Food Power: Are You Hungry for Change?

Food Power: Are You Hungry for Change?

by | Jun 20, 2024 | Movement Building

When you hear the phrase, “Food Power,” what comes to mind? Perhaps you think of the fact that without adequate nutrition you wouldn’t be able to power your body? Or maybe you reflect on the powerful corporate entities who control food production and distribution, thus controlling who has access to nutritious food. In this post, I’ve compiled ideas about food power along with my perspective as the Frontline Funds Associate at Southern Vision Alliance. Perhaps this will be some “food for thought” for us all to chew on!

According to the international organization We Seed Change, “When food is grown by farmers to benefit their communities, it can provide nourishment and security without damaging the land. This kind of agriculture can make us stronger, healthier, and more connected to the land, to our culture and to each other. That’s the power of food.”

This past spring I visited a wonderful example of local agriculture at Woods Friendly Community Garden (WFCG) in Charlotte, NC, a recipient of a Frontline Funds grant from SVA. In meeting Georlean Woods, the founder of WFCG, I witnessed an embodied definition of food power. Georlean started her garden to help people heal and provide them with access to fresh fruits and vegetables. She teaches her community how to foster a greater connection with what they eat by showing them how to grow food in their yards, windowsills, and balconies. Georlean makes food power a reality by demonstrating to us that power lies not in the aisle of a grocery store, but in the rich soil of the earth.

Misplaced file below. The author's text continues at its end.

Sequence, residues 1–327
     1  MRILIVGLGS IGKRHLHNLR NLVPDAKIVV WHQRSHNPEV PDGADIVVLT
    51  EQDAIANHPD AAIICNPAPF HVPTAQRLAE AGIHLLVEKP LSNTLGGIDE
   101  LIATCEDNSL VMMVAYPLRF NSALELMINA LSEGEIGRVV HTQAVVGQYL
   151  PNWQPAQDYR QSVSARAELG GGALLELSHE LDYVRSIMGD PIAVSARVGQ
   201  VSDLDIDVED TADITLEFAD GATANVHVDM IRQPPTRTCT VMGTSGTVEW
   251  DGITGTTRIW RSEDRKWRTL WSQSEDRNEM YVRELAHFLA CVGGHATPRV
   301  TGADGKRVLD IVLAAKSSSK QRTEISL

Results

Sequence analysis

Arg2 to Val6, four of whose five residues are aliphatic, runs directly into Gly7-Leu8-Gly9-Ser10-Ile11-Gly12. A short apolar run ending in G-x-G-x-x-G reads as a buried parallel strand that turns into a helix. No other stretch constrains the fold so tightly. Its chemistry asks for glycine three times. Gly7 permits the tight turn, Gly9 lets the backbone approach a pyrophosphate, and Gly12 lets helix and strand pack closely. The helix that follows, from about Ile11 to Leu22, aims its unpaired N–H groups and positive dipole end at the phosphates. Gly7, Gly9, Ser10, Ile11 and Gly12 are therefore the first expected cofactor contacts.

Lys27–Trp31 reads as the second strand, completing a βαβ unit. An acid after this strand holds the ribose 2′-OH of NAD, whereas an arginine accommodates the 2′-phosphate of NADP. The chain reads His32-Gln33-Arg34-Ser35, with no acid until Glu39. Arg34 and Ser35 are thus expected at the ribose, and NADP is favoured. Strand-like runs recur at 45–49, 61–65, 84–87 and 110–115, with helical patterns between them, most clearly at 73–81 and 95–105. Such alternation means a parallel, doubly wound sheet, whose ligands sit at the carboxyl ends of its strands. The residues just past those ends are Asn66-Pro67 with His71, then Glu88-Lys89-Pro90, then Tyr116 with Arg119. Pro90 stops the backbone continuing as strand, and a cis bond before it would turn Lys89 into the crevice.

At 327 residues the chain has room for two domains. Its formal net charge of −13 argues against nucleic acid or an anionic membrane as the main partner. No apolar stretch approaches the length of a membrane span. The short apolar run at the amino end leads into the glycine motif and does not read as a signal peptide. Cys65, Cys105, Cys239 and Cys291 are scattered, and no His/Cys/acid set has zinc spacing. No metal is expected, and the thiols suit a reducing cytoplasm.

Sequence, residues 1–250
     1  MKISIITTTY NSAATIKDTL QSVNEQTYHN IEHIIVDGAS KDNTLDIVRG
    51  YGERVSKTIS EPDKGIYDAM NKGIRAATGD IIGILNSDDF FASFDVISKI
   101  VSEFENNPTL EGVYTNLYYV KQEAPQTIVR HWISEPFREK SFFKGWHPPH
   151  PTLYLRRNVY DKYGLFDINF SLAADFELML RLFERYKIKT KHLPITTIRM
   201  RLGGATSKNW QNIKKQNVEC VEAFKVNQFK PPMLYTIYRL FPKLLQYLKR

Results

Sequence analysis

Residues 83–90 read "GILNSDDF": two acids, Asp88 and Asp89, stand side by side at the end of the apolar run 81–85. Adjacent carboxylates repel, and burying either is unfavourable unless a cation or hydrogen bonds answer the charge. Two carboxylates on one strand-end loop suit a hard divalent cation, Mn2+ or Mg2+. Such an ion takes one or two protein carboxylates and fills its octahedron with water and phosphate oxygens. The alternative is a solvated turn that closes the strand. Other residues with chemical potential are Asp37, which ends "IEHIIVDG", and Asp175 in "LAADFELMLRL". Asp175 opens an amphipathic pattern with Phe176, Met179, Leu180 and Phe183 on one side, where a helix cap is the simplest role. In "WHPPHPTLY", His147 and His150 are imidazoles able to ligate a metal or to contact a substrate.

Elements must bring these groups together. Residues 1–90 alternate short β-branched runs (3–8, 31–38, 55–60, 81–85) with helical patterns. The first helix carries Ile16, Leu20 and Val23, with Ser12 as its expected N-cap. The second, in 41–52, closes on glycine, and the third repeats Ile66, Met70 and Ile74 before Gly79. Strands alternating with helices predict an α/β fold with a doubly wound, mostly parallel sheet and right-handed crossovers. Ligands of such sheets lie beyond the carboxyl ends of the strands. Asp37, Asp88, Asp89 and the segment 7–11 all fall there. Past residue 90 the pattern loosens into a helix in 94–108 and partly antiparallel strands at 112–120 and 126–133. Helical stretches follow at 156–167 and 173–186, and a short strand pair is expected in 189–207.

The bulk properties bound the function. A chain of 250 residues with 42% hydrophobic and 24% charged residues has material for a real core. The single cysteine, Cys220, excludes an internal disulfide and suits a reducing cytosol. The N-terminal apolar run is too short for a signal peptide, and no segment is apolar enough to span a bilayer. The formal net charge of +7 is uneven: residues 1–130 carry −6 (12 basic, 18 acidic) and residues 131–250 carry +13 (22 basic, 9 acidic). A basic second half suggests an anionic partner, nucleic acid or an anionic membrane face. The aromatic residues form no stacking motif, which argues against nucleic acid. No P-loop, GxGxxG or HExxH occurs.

In the book Food Power Politics, author Bobby J. Smith II writes about “critical connections between civil rights activism and present-day food justice activism in Black communities, revealing how power struggles over food empower them to envision Black food futures in which communities have the full autonomy and capacity to imagine, design, create, and sustain a self-sufficient local food system.” Ultimately, the means to nourish our bodies lies inside our imagination, in a vision of our own making, because what are we, if not the food we eat?

As someone who until recently frequented a food pantry due to economic hardship, my access to healthy and fresh food was a challenge. In my experience, food power or rather lack of food power, is a reality of not being in control of how I met my nutritional needs. Without access to real food (no, cheetos don’t count!) and self-sustaining ways of obtaining food, individuals and communities are kept in a disempowered state. How can you fight for justice or join a movement if you’re hungry? You can’t. You’re stuck in survival mode, without energy or agency.

Psyche A. Williams- Forson who wrote Eating While Black, “urges us to think and talk about food in new ways in order to improve American society on both personal and structural levels.” If we sincerely want to choose liberation, we must build a collective path to nourishment that begins with reclaiming our food power. Because the need to live better and be treated better is at the heart of all revolutions.


How hungry are we for change? Very hungry!

How hungry are we for change? Starving!

How hungry are we for change? Ravenous. 

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